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This was to be expected. What bothers me is not that a robot is being created to fuel itself on biomass, but the fact it takes so much of it (150 lbs for 100 miles) when compared to the human body. On the one side, it's a modest reminder of just how amazing the human body is, and on the other, it serves to demonstrate how much longer technology has to go before it catches up to us.

A robot that consumes biomass seems rather natural to me from a technological evolutionary standpoint, but the problems will come not when AI grows but simply when such technology becomes self-replicating. The most cost-efficient systems are those that can self-propel, self-fuel, self-repair, and self-replicate. The latter of these should be of far more concern than any of the former, especially in the field of nanorobotics. Did anybody see the movie The Day the Earth Stood Still? The climax in that movie is basically what we have to fear should robots come to be able to self-replicate uncontrollably.

For now, I give the roboticists an awesome two-thumbs-up for their achievements. I don't think Wall-E will be eating any children anytime soon...

[edit on 17-2-2009 by RadicalIgnoramus]



posted on Feb, 17 2009 @ 01:39 AM
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I'm looking into this more.

I do think that the risk of robots going on a rampage and eating people is pretty slim. I'm just wondering about the possibility.

Apparently biomass eating robots are already beyond the "what if" stages already. This National Geographic article is dated from 2006 and talks about robots that were built to eat slugs and flies for energy.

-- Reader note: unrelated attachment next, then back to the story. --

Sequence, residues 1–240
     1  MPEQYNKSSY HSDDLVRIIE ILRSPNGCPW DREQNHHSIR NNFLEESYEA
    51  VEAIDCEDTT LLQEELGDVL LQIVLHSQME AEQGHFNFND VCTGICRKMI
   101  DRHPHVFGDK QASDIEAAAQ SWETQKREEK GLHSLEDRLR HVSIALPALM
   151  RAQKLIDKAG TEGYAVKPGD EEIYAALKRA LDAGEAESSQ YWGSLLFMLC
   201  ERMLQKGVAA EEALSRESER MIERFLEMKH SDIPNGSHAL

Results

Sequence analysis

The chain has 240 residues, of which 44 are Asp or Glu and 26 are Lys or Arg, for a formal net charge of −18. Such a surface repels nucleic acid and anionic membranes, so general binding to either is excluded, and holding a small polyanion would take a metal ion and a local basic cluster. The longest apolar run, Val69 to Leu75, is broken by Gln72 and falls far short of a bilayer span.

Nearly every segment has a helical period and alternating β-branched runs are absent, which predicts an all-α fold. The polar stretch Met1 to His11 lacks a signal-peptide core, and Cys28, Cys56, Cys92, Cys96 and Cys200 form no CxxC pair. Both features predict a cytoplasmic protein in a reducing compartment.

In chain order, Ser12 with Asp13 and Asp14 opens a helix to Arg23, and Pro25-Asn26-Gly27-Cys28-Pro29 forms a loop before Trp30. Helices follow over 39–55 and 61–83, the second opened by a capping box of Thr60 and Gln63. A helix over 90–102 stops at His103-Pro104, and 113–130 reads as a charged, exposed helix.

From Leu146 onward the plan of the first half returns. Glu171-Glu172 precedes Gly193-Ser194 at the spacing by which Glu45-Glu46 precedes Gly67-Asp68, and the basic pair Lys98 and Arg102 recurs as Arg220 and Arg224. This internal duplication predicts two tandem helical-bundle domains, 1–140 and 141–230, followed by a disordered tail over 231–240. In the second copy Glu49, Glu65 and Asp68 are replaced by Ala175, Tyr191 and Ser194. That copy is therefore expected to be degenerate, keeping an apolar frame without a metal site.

Of course, they haven't killed any people. But then again, they haven't been programmed to carry out military missions or armed with weapons either.



posted on Feb, 18 2009 @ 02:18 AM
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Originally posted by mattifikation
I'm sure it won't be designed to hunt animals or people. I'm sure it will be built to seek out plants, since plants can't run away or escape. But what if this thing is being used in a desert? What if there's no suitable source of plant life?

If this thing is programmed to seek out biomass, use weapons, and complete its mission at all costs, what if it determines that a dead person is just as plant-like as its intended diet?


Well, being dead, the deceased/edible party won't have much of a problem with it, now will they?



posted on Feb, 18 2009 @ 03:33 AM
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I can see it now. Years from now, we send one of these robots on a deep space mission to a planet we think may be able to support life also programmed to complete its mission at all costs as the logistics and money involved make it a one shot deal

. When it reaches this planet it sets out to explore and realizes its energy is getting low and must recharge or its mission will fail.....just when the leader of the sentient life (resembling a large bug) on that planet walks towards said robot to offer its hand/antenna in peace, it gets drawn and quartered faster than a lobster on Iron Chef and turned into bio fuel thus starting a galactic war.



posted on Feb, 18 2009 @ 04:31 AM
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Originally posted by etombo
Hahahaha. Yea I see the problem.. When it starts eating children.


"A robot took my baby!!!" (In horrible Australian accent)

I don't see the problem with this idea. Now if they were nanobots, then I'd be worried. But not like that bacteria they developed to eat oil. Or something, anyway, made people think it would start eating humans.. But no more than the yeast they brew beer would...

A robot that's ripping up your garden and munching on your bestest frangipani wouldn't be able to stand a good ol' cow tipping trick, I'm sure of it.

If they make them Moo, that'd be neat.. Wonder if they'd make a domestic version..

(Im soo tired today)